Abstract: This study analyses costs and benefits of a public-private funded individual learning account (ILA) for the labour force in the Netherlands. We consider an ILA that is funded by subsidies targeted at low- and medium-educated workers and co-funded by training levies as a share of the wage bill. We simulate two alternative steady-state scenarios about the uptake of resources and increase in training activity, using a lifecycle model of human capital investments. We derive predictions for gross earnings, income inequality and costs (training subsidies and tax deductions) and benefits (tax revenues and fewer unemployment benefits). Our results show how the balance of costs and benefits depends on the interplay between take-up rates, returns to training and the deadweight loss of subsidizing an ILA for the whole labour force. Our model and results contribute to policy trade-offs about the introduction of ILA’s to stimulate the resilience of the labour fo
    Keywords: Human capital investments, Individual learning accounts, Lifelong learning
    JEL: J24 J33
    Date: 2022–11–13
  23. By: Nikolova, Milena; Cnossen, Femke; Nikolaev. Boris
    Abstract: We are the first to examine the impact of robotization on work meaningfulness and autonomy, competence, and relatedness, which are key for motivation and human flourishing at work. Using worker-level data from 13 industries in 20 European countries and OLS and instrumental variables estimations, we find that industry-level robotization harms all work quality aspects except competence. We also examine the moderating role of routine and cognitive tasks, skills and education, and age and gender. While we do not find evidence of moderation concerning work meaningfulness in any of our models, noteworthy differences emerge for autonomy. For instance, workers with repetitive and monotonous tasks drive the negative effects of robotization on autonomy, while social tasks and working with computers - a tool that provides worker independence - help workers derive autonomy and competence in industries and jobs that adopt robots. In addition, robotization increases the competence perceptions of men. Our results highlight that by deteriorating the opportunities to derive meaning and self-determination out of work, robotization will impact the present and the future of work above and beyond its consequences for employment and wages.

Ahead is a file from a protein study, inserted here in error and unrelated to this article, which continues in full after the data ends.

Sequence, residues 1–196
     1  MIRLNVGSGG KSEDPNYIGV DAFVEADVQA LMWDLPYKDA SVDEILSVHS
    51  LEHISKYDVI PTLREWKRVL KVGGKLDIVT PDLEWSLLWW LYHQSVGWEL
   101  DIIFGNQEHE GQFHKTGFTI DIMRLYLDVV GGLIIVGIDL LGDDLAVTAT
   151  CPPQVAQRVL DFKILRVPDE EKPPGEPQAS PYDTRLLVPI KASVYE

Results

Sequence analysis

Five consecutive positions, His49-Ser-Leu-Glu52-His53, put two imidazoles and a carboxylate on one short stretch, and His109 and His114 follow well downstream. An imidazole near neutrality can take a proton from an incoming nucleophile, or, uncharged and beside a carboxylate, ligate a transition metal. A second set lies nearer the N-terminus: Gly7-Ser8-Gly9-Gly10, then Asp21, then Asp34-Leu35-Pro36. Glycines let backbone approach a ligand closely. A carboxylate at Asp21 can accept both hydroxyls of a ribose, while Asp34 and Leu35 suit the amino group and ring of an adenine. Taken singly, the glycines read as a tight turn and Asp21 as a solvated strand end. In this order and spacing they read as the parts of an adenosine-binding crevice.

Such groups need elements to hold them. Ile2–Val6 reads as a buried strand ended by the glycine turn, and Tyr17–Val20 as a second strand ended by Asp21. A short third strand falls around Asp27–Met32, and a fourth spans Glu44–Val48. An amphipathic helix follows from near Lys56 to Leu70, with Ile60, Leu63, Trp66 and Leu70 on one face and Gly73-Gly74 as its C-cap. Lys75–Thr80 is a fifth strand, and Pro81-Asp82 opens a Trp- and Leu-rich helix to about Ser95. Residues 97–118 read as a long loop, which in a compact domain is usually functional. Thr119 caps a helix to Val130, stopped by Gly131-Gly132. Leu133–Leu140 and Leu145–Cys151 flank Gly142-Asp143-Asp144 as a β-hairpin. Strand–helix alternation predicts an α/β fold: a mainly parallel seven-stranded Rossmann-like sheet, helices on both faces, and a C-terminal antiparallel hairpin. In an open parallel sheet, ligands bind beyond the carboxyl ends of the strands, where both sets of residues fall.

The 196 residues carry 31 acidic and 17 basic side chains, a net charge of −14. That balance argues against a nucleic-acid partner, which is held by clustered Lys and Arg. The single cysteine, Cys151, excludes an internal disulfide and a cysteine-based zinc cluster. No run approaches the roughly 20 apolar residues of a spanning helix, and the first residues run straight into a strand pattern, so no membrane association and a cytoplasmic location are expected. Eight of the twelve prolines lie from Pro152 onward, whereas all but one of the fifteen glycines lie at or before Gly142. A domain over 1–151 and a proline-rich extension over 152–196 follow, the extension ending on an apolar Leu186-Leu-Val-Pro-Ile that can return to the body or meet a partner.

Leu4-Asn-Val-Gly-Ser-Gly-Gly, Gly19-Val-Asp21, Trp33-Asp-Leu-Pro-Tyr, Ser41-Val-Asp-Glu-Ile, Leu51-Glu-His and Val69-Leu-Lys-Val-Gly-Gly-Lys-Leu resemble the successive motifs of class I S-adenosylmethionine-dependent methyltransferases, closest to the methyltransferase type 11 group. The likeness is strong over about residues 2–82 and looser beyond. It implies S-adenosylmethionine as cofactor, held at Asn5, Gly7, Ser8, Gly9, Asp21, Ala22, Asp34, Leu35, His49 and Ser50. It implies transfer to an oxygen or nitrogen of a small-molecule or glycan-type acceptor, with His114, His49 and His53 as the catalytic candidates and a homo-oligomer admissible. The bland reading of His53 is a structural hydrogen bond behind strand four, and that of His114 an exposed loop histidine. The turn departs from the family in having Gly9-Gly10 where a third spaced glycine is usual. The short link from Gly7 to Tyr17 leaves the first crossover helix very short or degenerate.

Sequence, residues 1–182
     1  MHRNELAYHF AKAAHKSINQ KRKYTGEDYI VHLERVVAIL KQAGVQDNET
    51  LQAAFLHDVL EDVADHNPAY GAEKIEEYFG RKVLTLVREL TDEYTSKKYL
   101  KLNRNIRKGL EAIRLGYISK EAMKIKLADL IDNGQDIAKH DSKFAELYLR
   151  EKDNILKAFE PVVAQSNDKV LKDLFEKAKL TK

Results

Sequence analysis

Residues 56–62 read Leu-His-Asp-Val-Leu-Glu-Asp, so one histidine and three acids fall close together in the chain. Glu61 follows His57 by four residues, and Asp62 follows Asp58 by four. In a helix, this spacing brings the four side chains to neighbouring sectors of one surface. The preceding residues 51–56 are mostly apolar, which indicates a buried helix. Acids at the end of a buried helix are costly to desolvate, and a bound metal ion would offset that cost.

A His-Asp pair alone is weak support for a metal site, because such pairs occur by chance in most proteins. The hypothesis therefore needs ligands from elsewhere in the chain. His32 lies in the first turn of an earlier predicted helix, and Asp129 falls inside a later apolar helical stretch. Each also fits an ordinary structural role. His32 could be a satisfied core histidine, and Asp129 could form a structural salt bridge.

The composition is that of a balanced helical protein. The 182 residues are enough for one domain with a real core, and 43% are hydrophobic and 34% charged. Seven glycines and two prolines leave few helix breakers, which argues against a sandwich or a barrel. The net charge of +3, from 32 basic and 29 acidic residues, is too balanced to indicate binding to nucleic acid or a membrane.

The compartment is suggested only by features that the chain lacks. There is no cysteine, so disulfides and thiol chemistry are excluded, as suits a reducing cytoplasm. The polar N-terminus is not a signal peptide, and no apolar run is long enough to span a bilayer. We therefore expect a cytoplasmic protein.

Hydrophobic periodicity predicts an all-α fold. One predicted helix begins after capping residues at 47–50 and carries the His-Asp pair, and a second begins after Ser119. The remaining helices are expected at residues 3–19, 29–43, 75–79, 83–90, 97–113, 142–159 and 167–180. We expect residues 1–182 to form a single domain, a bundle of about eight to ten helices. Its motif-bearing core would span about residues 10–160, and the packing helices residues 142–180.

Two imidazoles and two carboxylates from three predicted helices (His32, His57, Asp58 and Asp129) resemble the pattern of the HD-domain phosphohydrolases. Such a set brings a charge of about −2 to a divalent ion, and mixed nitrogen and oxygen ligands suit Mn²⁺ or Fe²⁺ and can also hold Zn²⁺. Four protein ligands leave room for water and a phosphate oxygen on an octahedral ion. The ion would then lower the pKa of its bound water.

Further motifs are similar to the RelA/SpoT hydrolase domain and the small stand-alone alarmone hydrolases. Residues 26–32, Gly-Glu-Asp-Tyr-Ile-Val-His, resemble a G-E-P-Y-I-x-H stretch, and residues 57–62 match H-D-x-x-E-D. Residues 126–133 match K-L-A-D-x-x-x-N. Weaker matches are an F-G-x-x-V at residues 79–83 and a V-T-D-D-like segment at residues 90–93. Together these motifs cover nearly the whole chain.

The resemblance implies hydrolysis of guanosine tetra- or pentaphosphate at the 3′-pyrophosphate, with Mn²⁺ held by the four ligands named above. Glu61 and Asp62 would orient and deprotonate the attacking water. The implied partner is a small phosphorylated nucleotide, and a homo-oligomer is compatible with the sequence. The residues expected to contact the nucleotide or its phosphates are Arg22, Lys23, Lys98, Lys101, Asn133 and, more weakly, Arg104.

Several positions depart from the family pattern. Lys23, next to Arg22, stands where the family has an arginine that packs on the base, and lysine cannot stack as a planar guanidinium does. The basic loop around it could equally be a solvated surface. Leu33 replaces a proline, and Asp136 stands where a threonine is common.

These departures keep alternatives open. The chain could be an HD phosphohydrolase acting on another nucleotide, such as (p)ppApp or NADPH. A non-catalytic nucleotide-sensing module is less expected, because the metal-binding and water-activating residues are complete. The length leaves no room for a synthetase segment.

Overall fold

Keywords: work meaningfulness,self-determination theory,robotization,automation
    JEL: J01 J30 J32 J81 I30 I31 M50
    Date: 2022
  24. By: David Sturrock (University College London and Institute for Fiscal Studies); Stefan Groot (Rabobank); Jan Möhlmann (CPB Netherlands Bureau for Economic Policy Analysis)
    Abstract: We show that gifts made to heirs before death are substantial and highly responsive to taxation. Therefore, characterising them and understanding their determinants is crucial for tax design. We use high-quality, intergenerationally-linked data on wealth, gifts, and medical expenses from the Netherlands. Exploiting variation in the timing of death, we find that the wealthiest half of singles (including widows) with children transfer over 10% of their wealth to their children in anticipation of death. Giving is highly sensitive to how heavily gifts are taxed, relative to bequests. Using bunching estimation and exploiting the 2010 reform to gift taxation, we estimate Frisch elasticities of gifts to the net-of-tax rate between 9, for those giving around 27,000 euro, and 1, for those giving around 125,000 euro. Giving is concentrated among those singles who have grandchildren. However, the amount transferred does not vary substantively with the number of heirs and, within families, only slightly larger gifts are made to children who are less-wealthy or who have more children. These findings conflict with the predictions of a fully altruistic model of bequests. Rather, they are consistent with giving being driven by a warm-glow bequest motive that depends on net-of-tax transfers made and is operative for those with grandchildren.
    JEL: D12 D14 D64 H26
    Date: 2022–11